As 2016 draws to a close, mainstream media reports will be filled with all sorts of interesting—and not so interesting—statistics on everything from how many baby girls were named “Abigail” to how many baby boys were named “Zack,” the number of pizzas consumed on college campuses, which cellphone manufacturer had the most recalls, and how many ducks safely made it across a certain highway in northern Minnesota. But our statistics are, of course, much more fascinating and certainly more germane to your business governance. So let’s get started with our first annual Regulatory Year in Review.
The SEC was quite busy this year in its continuing quest to make enforcement of the Foreign Corrupt Practices Act (FCPA) a high priority. Enforcement of the act, which “prohibits companies issuing stock in the U.S. from bribing foreign officials for government contracts and other business,” raked in over $2 billion in settlement of FCPA violations. Among the “winners” this year were a US investment bank—“corruptly influenced government officials and won business in the Asia-Pacific region by giving jobs and internships to their relatives and friends” (fined $264 million); a Brazilian-based aircraft manufacturer—“violated the FCPA to win business in the Dominican Republic, Saudi Arabia, Mozambique, and India” (fined $205 million); and a US hedge fund —“use of intermediaries, agents, and business partners to pay bribes to high-level government officials in Africa” (fined 412 million). The top violator: a Dutch-based telecommunications provider that paid $795 million to settle charges of violations of the FCPA to win business in Uzbekistan.
The U.S. Commodity Futures Trading Commission filed sixty-eight enforcement cases that “addressed a sweeping range of misconduct and market harm.” According to the CFTC website: “During FY 2016, the CFTC collected and deposited at the U.S. Treasury over $484 million in civil monetary penalties, nearly double the CFTC’s operating budget for FY 2016. Furthermore, the CFTC this year secured over $748 million in civil monetary penalties and $543 million in restitution and disgorgement orders, bringing the CFTC’s total monetary sanctions for FY 2016 to over $1.29 billion” (source: www.cftc.gov). The CFTC charges included manipulation, spoofing, and unlawful use of customer funds. The CFTC also issued a whistleblower award of more than $10 million, marking the largest such award since Congress created the CFTC Whistleblower program in 2010.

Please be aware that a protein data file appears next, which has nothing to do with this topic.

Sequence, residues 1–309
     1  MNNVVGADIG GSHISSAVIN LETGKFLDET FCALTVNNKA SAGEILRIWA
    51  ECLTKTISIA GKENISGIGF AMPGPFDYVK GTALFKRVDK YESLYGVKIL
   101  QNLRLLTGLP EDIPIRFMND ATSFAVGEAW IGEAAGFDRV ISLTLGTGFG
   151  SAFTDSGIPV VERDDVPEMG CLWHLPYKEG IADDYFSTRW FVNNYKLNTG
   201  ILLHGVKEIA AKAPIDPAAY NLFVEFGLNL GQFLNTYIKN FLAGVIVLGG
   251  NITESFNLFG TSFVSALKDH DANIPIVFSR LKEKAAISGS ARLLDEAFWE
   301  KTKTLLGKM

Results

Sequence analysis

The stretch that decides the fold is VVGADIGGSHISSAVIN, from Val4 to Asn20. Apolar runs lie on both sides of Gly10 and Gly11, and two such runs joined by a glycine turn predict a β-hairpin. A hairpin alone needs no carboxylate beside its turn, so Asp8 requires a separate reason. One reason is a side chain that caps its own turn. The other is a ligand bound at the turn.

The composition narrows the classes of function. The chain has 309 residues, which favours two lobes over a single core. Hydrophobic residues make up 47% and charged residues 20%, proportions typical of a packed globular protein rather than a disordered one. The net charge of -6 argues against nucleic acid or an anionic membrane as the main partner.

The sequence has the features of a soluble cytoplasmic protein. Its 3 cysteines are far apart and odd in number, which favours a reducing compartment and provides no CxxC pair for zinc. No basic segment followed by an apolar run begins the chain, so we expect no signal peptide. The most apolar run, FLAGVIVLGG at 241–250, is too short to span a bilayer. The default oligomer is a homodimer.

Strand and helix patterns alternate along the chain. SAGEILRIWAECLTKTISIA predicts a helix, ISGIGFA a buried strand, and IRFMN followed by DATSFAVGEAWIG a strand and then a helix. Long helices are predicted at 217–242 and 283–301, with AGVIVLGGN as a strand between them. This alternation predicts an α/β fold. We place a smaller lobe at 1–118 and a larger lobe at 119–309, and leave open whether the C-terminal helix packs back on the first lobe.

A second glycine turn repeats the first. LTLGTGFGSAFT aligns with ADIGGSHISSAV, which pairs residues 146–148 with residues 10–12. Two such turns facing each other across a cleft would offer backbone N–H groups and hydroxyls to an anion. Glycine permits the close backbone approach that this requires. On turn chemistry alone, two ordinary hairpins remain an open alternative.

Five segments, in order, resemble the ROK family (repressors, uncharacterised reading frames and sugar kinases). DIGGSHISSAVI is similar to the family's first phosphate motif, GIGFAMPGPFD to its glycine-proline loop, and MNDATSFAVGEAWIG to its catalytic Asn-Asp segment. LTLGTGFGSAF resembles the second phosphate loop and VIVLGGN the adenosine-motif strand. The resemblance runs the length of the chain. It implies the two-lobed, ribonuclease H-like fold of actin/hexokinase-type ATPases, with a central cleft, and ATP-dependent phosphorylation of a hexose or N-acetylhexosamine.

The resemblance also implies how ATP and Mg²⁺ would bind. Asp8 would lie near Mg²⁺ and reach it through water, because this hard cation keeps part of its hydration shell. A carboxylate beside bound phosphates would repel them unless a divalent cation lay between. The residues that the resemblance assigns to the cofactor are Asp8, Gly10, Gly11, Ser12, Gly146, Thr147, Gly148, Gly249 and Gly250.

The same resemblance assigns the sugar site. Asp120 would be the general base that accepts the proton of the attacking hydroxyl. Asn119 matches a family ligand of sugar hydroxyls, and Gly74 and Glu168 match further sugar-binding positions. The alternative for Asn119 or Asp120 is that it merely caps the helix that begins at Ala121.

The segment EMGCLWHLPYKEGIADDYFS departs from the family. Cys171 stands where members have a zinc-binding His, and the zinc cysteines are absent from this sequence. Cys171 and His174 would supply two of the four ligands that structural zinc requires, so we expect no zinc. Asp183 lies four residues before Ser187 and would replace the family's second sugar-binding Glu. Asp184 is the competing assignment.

The Financial Industry Regulatory Authority is poised to impose 2016 sanctions totals exceeding last year’s record by 70 percent, or approximately $160 million, for this year including fines and restitution. However, because only eleven fines exceeded the $1 million threshold, the bulk of the sanctions were for lesser—and some might say “unimpressive”—amounts. The largest was a $20 million fine and only three others exceeded $5 million each. That leaves the bulk of the assessments resulting from numerous smaller enforcement cases. The emphasis this year was on cases involving variable annuity infractions (source: www.investopedia.com).
Notwithstanding the fact that a federal appeals court ruled in October that parts of the “leadership structure” of the Consumer Finance Protection Bureau were unconstitutional, the agency nevertheless assessed record sanctions in 2016 including the highly publicized $185 million in sanctions against Wells Fargo for opening “ghost accounts” unbeknownst to customers, and the $28.5 million in fines and restitution levied against the Navy Federal Credit Union, the nation’s largest credit union. Although the totals are not yet in for 2016, since it opened for business in 2012 under a Dodd-Frank mandate, the CFPB has assessed $5 billion in fines and restitution as calculated through March 2016. This year it went after payday loan companies (over $500,000 in one case) and reverse mortgage lenders (about $800 million total for three companies) heading to top its almost $1 billion annual average.
How was business in your state in 2016? In Washington, DC, it was “just fine.”